Taliban, he said, made a number of commitments during the dialogue with the British officials and their sincerity about fulfilling their commitments had “to be verified”.

As the UK has doubled its aid budget for Afghanistan to 286 million pounds, the foreign secretary said the money would not be put in the hands of the Taliban but would be disbursed through humanitarian groups working inside Afghan­istan. He said 30 million pounds from this money would go to Afgh­a­nistan’s neighbours, including Pakis­tan, for meeting the basic requirements of Afghans that may go there.

‘Early test’ for Taliban

The British foreign secretary asked the Taliban to provide a “permissive environment” for the aid agencies to work in Afghanistan saying, “it’s an early test” for them.

“No one wants the social and economic fabric of Afghanistan to collapse,” he asserted.

Mr Raab urged the international community to maintain a “strong consensus” on the need for inclusive government, safe passage for those wanting to leave, no safe havens for terrorists, and continuation of humanitarian lifeline.

“If we can come together in that way, all of those who want a positive way forward, we will be able to exercise maximum positive and moderating influence on Taliban,” he maintained.

Pakistan-UK ties

The two sides also reviewed state of bilateral relations at the meeting.

“In the context of bilateral relations, it was agreed that the strong Pakistan-UK bilateral relations must be further expanded, especially in the economic and trade spheres,” the FO said in a statement, adding that the two sides reaffirmed the resolve to upgrade the relationship from the current Enhanced Strategic Dialogue to the next level.

Mr Qureshi demanded a reconsideration of the British government’s decision to keep Pakistan on the ‘Red List’ for travel that required people coming from there to hotel quarantine.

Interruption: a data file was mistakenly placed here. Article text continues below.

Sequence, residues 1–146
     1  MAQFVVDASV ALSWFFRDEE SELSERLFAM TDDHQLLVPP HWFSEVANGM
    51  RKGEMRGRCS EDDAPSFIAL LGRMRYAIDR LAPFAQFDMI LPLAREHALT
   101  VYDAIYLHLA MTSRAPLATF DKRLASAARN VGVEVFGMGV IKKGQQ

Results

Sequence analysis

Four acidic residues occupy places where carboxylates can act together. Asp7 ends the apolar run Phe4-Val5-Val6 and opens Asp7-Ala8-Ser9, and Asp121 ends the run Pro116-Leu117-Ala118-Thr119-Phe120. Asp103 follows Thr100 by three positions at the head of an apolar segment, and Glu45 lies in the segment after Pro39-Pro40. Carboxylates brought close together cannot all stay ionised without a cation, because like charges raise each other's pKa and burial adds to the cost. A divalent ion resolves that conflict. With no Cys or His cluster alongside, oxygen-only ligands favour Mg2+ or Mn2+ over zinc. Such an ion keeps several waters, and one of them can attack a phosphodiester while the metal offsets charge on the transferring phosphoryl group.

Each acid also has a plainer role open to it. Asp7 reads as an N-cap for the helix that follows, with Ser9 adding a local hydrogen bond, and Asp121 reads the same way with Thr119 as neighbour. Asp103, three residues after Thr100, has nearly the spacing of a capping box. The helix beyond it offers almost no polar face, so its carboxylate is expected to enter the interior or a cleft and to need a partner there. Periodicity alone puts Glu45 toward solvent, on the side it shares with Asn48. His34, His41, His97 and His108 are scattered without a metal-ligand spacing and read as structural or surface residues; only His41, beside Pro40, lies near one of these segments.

At the meeting, he also highlighted the progress made by Pakistan in the implementation of the Financial Action Task Force (FATF) action plan and expressed the hope that no attempt would be allowed to politicize the process.

“The basis for the UK-Pakistan relationship is very strong — and the UK has the desire to take it to the next level. We also have a very clear and shared interest in the future of Afghanistan. We will judge the Taliban by their actions, not their words,” Mr Raab declared.

Calls on premier

Later, Mr Raab called on Prime Minister Imran Khan.

At the meeting, Mr Khan underscored the need for stabilising the security situation in Afghanistan, taking steps to consolidate peace, and precluding any mass exodus. Preventing humanitarian crisis and stabilizing the economy were the urgent needs, he said.

He urged the international community to stand in solidarity with the Afghan people, undertake positive engagement, and create incentives for ensuring a peaceful, stable and inclusive polity.

Published in Dawn, September 4th, 2021